After the ENT finished with Nolan, she moved onto Matt. By this time, we were all exhausted (and hungry): the office was running 2 hours behind schedule, so it was now 1:20 pm and our original appointment time was 10:45 am. No lunch = grumpy boys.
I gave the ENT Matt's sleep study results, which we had ordered through the pediatrician. As a helpful hint to other families, if you suspect sleep problems and are booking an ENT appointment, make sure to get a sleep study run first. It will save a lot of time and an appointment (and copay). If we hadn't had this run, this appointment would have been a consult, a polysomnogram would have been ordered, and then we would have had to return in a month or two to get the results. Since we already had the sleep study results in hand, we saved a $25 copay and about 2 months worth of time.
Matt's sleep architecture is abysmal (I wrote an article about sleep architecture - you can find it here). He has no stage 4 sleep and only about half of the REM sleep he should have. This explains a lot of his behavior and his complete inability to memorize facts (REM is required for memory formation). He desaturates to the low 80% level, which causes him to wake frequently. He also has a lot of periodic leg movements (so does Nolan).
She reviewed the results and was not very concerned about the central apneas and the heart rhythm issues. She sees both of these problems in children who have long-standing, untreated apnea. Matt is a mouth breather, so the problem is likely due to tonsils and adenoids. Since both of our boys have/had central apnea, there is also a chance that our kids just have central apnea when they're young - it could be a genetic thing. It is more likely that the central apnea is a direct result of long-standing obstructive apnea.
Matt is going to have a tonsillectomy and adenoidectomy on March 21, just a few days before Easter Break. His ENT is going to do a bronchoscopy and sleep laryngoscopy just before the surgery, because she wants to make sure he has no other airway anomalies. It would be unlikely, since he doesn't have the reflux or other health issues that Nolan has, but it is better to verify that he doesn't have any airway malacias.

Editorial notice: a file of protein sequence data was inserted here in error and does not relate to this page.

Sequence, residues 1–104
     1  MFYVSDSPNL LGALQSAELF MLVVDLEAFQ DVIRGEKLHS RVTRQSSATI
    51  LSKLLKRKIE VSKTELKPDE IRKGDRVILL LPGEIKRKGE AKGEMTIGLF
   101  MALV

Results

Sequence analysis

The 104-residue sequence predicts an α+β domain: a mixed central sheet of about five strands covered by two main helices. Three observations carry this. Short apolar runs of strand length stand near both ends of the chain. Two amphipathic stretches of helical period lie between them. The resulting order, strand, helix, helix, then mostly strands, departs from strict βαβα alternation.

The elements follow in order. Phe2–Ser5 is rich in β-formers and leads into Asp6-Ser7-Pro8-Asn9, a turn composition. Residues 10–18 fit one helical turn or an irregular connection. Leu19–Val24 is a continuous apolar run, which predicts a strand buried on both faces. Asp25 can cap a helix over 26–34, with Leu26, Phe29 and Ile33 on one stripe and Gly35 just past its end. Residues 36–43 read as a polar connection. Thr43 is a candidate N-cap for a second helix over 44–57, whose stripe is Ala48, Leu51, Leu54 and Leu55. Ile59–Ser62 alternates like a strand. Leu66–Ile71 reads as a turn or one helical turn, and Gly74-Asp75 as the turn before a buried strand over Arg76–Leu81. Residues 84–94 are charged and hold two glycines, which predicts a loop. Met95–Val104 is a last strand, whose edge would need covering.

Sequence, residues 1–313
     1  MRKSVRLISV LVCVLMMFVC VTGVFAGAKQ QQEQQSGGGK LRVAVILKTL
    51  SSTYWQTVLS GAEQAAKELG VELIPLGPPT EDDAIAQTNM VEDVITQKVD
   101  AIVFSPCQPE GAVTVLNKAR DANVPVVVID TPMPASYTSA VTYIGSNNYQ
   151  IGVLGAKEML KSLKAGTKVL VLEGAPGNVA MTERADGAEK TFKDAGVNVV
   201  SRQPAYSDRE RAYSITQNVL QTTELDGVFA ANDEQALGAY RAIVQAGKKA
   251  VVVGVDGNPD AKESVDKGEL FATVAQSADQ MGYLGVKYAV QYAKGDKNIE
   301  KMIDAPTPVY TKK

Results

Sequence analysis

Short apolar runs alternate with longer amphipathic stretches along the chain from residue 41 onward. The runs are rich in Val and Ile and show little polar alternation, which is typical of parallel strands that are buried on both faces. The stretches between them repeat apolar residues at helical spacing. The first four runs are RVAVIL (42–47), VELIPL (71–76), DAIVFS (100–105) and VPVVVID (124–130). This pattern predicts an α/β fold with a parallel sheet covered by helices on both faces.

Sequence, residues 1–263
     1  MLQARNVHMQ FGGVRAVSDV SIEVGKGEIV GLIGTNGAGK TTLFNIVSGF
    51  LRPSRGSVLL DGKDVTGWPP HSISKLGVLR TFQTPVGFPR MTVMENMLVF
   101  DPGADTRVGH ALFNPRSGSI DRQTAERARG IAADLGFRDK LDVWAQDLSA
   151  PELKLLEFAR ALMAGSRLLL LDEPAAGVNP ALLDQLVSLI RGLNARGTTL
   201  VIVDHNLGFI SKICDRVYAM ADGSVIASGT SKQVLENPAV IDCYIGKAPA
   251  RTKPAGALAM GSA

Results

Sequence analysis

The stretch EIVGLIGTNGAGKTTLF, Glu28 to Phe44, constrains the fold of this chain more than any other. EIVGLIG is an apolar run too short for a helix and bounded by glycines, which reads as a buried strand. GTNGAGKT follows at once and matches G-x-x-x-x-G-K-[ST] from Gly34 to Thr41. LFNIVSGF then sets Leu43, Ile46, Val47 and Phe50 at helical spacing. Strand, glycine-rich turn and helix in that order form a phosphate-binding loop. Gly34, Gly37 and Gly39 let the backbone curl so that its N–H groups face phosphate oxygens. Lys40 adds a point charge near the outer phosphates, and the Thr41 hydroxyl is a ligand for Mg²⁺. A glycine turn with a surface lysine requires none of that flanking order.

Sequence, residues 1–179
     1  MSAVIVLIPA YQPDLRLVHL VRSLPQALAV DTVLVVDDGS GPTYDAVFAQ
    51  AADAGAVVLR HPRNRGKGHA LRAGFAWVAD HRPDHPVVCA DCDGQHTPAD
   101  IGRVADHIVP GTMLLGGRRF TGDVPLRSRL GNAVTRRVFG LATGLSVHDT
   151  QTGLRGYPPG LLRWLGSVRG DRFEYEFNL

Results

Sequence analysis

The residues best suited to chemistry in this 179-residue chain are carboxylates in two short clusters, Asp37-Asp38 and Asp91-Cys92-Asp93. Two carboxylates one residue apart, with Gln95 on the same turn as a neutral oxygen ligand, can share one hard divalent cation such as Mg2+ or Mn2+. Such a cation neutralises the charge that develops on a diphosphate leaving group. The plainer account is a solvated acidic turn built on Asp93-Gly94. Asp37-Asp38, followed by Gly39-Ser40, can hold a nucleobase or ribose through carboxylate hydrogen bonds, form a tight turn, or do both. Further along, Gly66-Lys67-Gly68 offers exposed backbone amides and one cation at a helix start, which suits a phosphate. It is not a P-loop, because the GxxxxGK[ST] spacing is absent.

Matt's surgery will be at an ambulatory surgery center, and he'll be released about an hour after surgery. The "surgery" part will be the easiest portion of his procedure: the recovery will be the hardest. Tonsillectomies are horrendous. We've been through 2 of them (Nolan had his tonsils and adenoids removed when he was 2 years old, and he had his lingual tonsils shaved at the time of his last supraglottoplasty).
I'm worried about getting Matt to take the Tylenol with Codeine (he's awful about taking medication of any kind). I'm worried about keeping him hydrated. I am going to
Our family will have two surgeries in a back-to-back manner. Nolan's will be harder for the actual surgery - staying inpatient is always trying. His recovery will be easier to manage because we have the g-tube and can give him meds, food, and hydration via that route while he is recovering. Matt's surgery day will be easier because he will be home that same evening, but his recovery will be much more difficult since we need him to cooperate to drink and take his medication.
One thing is sure: I am looking forward to the end of March, when everyone will be recovered and on the road to better health!